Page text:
Dennis Buzukja fights again on Tuesday night in Las Vegas for a chance at a UFC contract, but this journey really began to take shape back in January 2020 when the coronavirus still was “novel” and just a thing in a faraway land that occupied no more than a couple of minutes of people’s daily lives, if at all.
That’s when Buzukja, an MMA fighter from Merrick by way of Staten Island, first felt a struggle breathing.
“It felt like I was on bottom and I had a 300-pound guy on me in side control, chest to chest and I'm trying to breathe,” the 145-pound featherweight told Newsday. “That's what it felt like all the time.”
Still, the following month, the Serra-Longo trained Buzukja fought and won the Ring of Combat featherweight title, managing to last 15 minutes to win a unanimous decision over Tim Dooling.
“I was on antibiotics in that fight, and an inhaler,” Buzukja said. “We just thought it was like a bad flu. You know, weight cut, immune system’s low, training hard, winter.”
It was COVID-19, and it didn’t go away for more than a year. Still, Buzukja tried to push his way through the debilitating symptoms — he said a test showed he was at 68% lung functionality — and not let it derail his career path and dreams. He was offered an opportunity to compete for a UFC contract on Dana White’s Contender Series in September 2020, and in mixed martial arts, when the big dog calls, you sit up, wag your tail and bark. Buzukja lost by unanimous decision to Melsik Baghdasaryan.
Buzukja said the UFC called him again last year for another go on Contender Series, but he turned it down. “Because I still didn't recover from COVID,” he said. “I was still actually really messed up.”
Still not fully recovered, Buzukja (7-2) took a fight in Florida in March 2021, which he said “was stupid” to do, but he doesn’t regret it because he won.
There were times the 24-year-old professional athlete in otherwise great physical shape thought his promising career in MMA had seen its last fight.
"I was always so tired. Crazy brain fog, like I would be here and not know where I am. It would be like I was concussed all the time but I had inspired in like six months," Buzukja said. "I would get panic attacks, anxiety attacks at dinner tables with my friends, with my girlfriend and our family, with my friends in the Bronx. I remember so many scenarios, where panic just hit me and I was like, ‘What's going on? Am I gonna die?’ I couldn't breathe. I never had stuff like that before.
“I can't even live happily or comfortably, how can I fight? How can I compete or train or try to be one of the best in the world? And in a sport as dangerous as this? You could be as healthy as you want, there's still imminent danger in front of you. So it was a hard mental battle. But I overcame all that and I feel like bulletproof now."
It wasn’t until his Ring of Combat fight in October 2021 — a first-round knockout victory — that he said he was back to competing at full strength.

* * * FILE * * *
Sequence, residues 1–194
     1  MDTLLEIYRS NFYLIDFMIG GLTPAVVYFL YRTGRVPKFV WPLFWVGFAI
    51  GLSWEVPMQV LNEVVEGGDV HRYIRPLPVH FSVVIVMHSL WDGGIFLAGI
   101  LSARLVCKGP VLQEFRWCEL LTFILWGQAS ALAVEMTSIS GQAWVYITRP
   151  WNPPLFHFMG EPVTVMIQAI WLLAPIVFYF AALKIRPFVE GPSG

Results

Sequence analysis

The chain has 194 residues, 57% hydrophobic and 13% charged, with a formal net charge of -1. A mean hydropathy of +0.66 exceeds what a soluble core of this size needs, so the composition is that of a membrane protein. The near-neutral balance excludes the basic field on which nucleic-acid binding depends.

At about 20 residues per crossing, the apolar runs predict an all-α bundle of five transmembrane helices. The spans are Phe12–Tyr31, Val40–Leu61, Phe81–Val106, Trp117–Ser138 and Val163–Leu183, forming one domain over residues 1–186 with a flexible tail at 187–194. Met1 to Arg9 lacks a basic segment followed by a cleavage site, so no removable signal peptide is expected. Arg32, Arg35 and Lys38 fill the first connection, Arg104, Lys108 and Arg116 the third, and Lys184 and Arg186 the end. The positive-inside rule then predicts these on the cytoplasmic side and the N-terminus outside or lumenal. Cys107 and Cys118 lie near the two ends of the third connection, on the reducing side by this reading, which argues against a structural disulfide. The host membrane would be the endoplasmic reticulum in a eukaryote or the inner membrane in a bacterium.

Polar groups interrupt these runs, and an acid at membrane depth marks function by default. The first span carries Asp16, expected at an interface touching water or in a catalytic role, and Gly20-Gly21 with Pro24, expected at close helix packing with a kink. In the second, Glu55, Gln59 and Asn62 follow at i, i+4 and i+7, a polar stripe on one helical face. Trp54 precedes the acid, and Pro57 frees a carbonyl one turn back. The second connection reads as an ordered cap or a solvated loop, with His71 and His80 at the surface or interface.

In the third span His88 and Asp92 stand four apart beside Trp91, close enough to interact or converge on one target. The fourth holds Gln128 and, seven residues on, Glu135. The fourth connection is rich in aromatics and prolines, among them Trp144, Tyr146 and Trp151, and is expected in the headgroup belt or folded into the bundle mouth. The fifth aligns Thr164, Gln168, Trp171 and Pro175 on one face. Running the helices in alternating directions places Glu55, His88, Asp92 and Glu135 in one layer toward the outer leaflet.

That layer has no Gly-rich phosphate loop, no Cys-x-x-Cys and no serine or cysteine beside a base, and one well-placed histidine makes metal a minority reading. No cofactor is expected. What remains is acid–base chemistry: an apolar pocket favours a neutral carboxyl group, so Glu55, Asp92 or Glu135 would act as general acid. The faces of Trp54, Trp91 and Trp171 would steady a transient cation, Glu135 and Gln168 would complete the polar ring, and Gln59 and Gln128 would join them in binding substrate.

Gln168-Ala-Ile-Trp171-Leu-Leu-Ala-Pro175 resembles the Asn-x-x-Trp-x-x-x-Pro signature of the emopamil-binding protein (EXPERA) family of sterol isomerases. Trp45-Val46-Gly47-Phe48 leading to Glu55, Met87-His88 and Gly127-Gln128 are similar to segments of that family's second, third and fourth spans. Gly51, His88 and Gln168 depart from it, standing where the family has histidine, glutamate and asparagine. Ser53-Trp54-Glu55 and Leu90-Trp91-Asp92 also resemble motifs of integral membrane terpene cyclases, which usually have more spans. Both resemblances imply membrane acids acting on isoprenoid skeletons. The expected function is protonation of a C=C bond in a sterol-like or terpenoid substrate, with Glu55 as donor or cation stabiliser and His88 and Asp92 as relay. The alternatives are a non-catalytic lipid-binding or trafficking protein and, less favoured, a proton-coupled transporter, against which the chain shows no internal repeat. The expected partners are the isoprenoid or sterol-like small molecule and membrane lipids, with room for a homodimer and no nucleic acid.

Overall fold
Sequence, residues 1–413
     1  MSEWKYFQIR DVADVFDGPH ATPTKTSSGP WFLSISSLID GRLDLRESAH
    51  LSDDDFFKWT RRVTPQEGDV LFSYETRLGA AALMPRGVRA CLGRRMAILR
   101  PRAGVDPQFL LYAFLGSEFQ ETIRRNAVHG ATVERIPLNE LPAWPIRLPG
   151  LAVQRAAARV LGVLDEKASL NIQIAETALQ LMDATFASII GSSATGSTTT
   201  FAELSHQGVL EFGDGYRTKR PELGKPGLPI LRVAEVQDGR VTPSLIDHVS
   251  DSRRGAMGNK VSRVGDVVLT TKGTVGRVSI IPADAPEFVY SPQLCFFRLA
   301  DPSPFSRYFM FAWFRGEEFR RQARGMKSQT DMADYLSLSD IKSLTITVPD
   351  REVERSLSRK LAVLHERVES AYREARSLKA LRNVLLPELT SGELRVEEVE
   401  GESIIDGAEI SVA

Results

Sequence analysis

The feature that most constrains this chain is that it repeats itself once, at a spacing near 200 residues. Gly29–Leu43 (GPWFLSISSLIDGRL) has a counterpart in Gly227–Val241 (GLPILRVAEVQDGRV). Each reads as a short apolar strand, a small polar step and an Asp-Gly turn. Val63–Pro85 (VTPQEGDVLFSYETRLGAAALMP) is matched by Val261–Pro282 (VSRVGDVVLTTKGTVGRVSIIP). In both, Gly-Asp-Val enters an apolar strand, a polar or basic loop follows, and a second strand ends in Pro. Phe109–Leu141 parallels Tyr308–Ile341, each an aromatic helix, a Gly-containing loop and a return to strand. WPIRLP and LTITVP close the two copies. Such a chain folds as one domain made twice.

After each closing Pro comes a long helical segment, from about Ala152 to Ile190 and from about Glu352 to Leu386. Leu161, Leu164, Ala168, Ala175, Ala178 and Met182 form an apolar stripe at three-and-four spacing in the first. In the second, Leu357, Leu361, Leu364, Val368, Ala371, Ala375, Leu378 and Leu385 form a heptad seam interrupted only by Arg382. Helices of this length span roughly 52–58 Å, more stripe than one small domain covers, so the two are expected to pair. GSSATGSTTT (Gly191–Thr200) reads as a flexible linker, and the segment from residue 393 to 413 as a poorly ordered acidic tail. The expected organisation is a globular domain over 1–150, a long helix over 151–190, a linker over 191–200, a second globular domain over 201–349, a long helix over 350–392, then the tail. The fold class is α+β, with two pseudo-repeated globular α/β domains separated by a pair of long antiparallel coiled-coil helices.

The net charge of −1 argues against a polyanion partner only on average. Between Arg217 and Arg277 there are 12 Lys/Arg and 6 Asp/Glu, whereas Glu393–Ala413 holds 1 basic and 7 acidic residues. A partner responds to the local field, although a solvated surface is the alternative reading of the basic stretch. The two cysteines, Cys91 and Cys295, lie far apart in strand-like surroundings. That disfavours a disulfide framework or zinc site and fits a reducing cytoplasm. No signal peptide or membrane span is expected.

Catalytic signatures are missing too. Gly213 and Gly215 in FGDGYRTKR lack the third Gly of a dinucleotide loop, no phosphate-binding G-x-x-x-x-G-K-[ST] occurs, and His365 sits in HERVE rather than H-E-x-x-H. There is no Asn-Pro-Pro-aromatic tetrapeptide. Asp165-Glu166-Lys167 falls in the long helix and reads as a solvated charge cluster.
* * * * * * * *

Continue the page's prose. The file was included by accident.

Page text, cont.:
“Going into that fight, I could fight a [expletive] gorilla,” Buzukja said. “Because I was like, I've been fighting with no lungs. Now I got my lungs. I was like nobody's stopping me now.”
So what happened in between? Where did his fatigue go? The panic attacks? The “crazy brain fog”?
The mountains of Albania, his family’s native land, happened.
Buzukja said he spent time “up in the mountains” in Albania for both physical and mental cleansing. He said he drank the colostrum from cows. He said he visited a church that many Albanians believe has spiritual healing powers.
“I tried every possible thing. This is going to be my last go,” he recalled, a final straw after months and months of tests, exams, medical charts and doctors’ offices. “This is my last try if I can get my lungs better. If not, I'm done.”
It wasn’t until Buzukja, 24, found himself running on a beach in Albania that he noticed something. After five miles of running along the water — double the longest he’d run since first contracting the virus a year and a half earlier — he stopped and realized what he had done. He ran five miles. Without issue.
“I texted Ray [Longo] immediately, ‘Yo, I’m back,’ ” Buzukja said.
He won a unanimous decision last February and now faces Kaleio Romero (6-1) of Team Alpha Male on Tuesday night in the Contender Series. Both fighters weighed in at 146 pounds Monday for the featherweight bout that streams on ESPN+ starting at 8 p.m. Eastern.
A win is nice, sure, but that doesn’t necessarily get you into the UFC. There’s a need to impress the bosses sitting cageside. If Buzukja can win and wow on Tuesday night at the UFC Apex, the next goal on his list will be achieved.
“It's just business for me right now,” Buzukja said. “The last one, I was a little bit too in the moment. I was like, ‘Oh my God, this is crazy. My life's gonna change, my dreams are gonna come true.’ And I let it take away from my focus of all right, I got 15 minutes. I got to slip his left hand, come back with the right, block the kick then come back with another kick, head outside single. It took away from the actual task at hand.”